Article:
And now we may know. It appears that he may have written it to pacify his most vociferous critics in Israel, South Africa, and in the United States who have deemed him a traitor for telling the truth about Israel’s conduct of the war.
Just three days after publishing his piece, Goldstone has accepted an invitation to visit Israel from one of the most ultra-nationalist, right-wing, anti-Palestinian, pro-settler Israeli politicians.
This is from the New York Times:
Richard Goldstone, the South African jurist who led a United Nations report accusing Israel of possible war crimes in Gaza and recently recanted some of its harshest conclusions, has agreed to visit Israel in July, Israel’s interior minister, Eli Yishai, said Tuesday.
Mr. Goldstone, who is Jewish and has longstanding ties to Israel, had been shunned here since his report was issued in September 2009 saying that Israel had deliberately singled out civilians and civilian infrastructure in its three-week invasion of Gaza in December 2008 and January 2009.
But since the weekend, when The Washington Post published an essay he wrote saying that he would have written a different report if he had known then what he knew now, many here are praising Mr. Goldstone’s courage and wondering how to use his comments to Israel’s advantage.
Mr. Yishai said on Army Radio that after sending Mr. Goldstone a letter hailing him, he called him Monday night, thanked him and invited him to come to see Israel’s southern communities, which live under threat of Hamas rocket fire from Gaza.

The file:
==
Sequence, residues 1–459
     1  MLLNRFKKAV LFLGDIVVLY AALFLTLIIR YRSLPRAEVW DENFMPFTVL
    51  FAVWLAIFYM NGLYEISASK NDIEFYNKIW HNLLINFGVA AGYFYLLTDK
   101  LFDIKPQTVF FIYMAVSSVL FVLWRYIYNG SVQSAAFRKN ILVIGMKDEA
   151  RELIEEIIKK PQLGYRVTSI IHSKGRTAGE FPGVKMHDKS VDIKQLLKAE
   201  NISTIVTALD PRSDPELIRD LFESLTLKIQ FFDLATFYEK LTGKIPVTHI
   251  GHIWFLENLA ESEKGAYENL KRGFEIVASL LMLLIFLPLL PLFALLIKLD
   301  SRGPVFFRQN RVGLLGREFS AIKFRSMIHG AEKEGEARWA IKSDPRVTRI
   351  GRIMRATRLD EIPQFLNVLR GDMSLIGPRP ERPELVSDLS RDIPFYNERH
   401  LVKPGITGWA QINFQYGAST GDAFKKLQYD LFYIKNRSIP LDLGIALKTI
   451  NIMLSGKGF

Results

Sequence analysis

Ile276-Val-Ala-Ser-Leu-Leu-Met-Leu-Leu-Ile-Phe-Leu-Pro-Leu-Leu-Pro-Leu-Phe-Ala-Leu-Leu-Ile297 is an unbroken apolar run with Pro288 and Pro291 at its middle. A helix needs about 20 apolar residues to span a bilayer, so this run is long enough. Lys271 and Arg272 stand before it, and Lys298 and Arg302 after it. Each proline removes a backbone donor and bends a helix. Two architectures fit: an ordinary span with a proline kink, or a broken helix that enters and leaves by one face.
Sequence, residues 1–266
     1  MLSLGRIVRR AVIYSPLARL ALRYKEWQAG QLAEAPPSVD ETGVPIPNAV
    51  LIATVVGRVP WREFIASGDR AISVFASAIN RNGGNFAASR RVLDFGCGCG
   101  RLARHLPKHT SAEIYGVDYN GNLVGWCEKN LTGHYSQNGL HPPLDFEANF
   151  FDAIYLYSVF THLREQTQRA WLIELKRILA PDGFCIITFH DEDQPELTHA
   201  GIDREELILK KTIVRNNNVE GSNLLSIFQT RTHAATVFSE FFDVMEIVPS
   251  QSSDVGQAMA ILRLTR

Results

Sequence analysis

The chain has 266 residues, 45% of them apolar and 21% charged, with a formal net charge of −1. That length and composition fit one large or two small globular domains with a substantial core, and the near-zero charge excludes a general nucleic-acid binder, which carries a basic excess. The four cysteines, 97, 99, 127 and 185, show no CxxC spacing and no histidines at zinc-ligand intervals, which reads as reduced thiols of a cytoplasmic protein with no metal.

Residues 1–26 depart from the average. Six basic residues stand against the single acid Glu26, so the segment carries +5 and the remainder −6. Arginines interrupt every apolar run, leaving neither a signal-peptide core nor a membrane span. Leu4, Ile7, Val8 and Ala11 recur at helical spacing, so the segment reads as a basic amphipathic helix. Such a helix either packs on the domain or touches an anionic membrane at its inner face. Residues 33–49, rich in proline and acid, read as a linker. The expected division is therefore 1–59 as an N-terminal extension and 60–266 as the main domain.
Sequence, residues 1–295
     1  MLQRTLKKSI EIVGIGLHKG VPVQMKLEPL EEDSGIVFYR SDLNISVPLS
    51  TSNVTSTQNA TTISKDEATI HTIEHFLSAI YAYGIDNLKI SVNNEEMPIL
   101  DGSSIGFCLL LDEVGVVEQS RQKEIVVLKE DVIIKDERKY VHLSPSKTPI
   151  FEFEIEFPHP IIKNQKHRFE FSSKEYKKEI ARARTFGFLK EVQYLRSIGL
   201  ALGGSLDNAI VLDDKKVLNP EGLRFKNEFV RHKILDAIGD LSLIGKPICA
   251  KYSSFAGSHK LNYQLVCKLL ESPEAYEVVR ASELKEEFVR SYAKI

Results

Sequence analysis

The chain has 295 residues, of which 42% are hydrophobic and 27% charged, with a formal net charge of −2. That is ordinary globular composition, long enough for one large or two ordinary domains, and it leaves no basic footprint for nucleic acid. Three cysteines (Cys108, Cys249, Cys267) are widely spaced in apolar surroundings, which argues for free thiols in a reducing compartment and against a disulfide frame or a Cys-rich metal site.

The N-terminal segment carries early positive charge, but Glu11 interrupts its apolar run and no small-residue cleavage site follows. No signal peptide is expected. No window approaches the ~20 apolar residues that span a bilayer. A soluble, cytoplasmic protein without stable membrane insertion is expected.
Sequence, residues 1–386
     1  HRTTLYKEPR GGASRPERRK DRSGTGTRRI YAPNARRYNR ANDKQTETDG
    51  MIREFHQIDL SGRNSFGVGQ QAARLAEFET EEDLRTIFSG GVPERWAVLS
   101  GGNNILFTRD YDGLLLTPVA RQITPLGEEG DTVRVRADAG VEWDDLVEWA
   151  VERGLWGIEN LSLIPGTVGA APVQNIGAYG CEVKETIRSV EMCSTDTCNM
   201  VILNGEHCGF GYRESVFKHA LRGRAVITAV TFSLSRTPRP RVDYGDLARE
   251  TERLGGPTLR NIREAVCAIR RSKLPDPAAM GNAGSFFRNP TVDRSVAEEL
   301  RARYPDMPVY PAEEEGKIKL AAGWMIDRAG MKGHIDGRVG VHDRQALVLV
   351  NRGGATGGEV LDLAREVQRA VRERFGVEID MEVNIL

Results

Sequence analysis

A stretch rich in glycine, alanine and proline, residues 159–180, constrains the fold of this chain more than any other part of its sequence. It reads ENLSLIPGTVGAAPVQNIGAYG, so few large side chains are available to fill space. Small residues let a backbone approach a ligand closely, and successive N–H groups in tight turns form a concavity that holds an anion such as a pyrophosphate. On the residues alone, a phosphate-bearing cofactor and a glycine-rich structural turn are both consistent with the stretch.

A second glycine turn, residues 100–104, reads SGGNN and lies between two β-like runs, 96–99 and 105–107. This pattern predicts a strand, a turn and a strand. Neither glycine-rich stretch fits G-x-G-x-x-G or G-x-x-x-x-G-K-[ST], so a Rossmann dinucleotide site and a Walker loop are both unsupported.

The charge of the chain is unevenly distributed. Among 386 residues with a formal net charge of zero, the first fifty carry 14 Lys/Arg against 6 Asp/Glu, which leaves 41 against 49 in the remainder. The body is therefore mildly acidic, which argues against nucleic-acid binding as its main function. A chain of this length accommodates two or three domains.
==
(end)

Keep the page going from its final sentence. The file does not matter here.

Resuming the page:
Mr. Yishai said on Army Radio that after sending Mr. Goldstone a letter hailing him, he called him Monday night, thanked him and invited him to come to see Israel’s southern communities, which live under threat of Hamas rocket fire from Gaza.
“I will be happy to come,” Mr. Yishai quoted Mr. Goldstone as saying. “I always have love for the state of Israel.”
Mr. Goldstone said in a short statement released on Tuesday night that Mr. Yishai had “informed me that he and the government of Israel were appreciative of the article I wrote.” He said Mr. Yishai had invited him to Israel “to see conditions there with my own eyes. I said I would like to do so.”
“I ended the conversation by expressing my love for Israel,” Mr. Goldstone said.
According to Yediot Achronoth, right-winger Yishai is now in trouble with the prime minister and the foreign minister. Apparently, Yishai was free-lancing. Top government officials want to exploit Goldstone in their own way. They did not welcome upstart Yishai getting the jump on them.
The question Goldstone needs to answer is this: didn’t he know how the Israeli right (and the “pro-Israel” establishment here and in South Africa) would exploit the revision of his original finding. For them, when Goldstone says that the dead civilians were not killed intentionally but merely as the result of reckless fire, he is offering total absolution. He had to know that is how he would be used.